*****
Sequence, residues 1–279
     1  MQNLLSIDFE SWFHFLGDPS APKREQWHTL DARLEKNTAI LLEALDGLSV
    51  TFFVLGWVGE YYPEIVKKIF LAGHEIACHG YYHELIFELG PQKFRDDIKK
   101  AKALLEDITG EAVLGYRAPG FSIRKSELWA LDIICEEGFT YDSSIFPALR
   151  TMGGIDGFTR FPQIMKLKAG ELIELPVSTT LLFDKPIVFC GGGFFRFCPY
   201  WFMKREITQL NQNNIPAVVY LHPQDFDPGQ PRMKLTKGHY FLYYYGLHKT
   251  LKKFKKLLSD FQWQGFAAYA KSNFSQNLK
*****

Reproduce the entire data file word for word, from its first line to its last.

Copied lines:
Sequence, residues 1–279
     1  MQNLLSIDFE SWFHFLGDPS APKREQWHTL DARLEKNTAI LLEALDGLSV
    51  TFFVLGWVGE YYPEIVKKIF LAGHEIACHG YYHELIFELG PQKFRDDIKK
   101  AKALLEDITG EAVLGYRAPG FSIRKSELWA LDIICEEGFT YDSSIFPALR
   151  TMGGIDGFTR FPQIMKLKAG ELIELPVSTT LLFDKPIVFC GGGFFRFCPY
   201  WFMKREITQL NQNNIPAVVY LHPQDFDPGQ PRMKLTKGHY FLYYYGLHKT
   251  LKKFKKLLSD FQWQGFAAYA KSNFSQNLK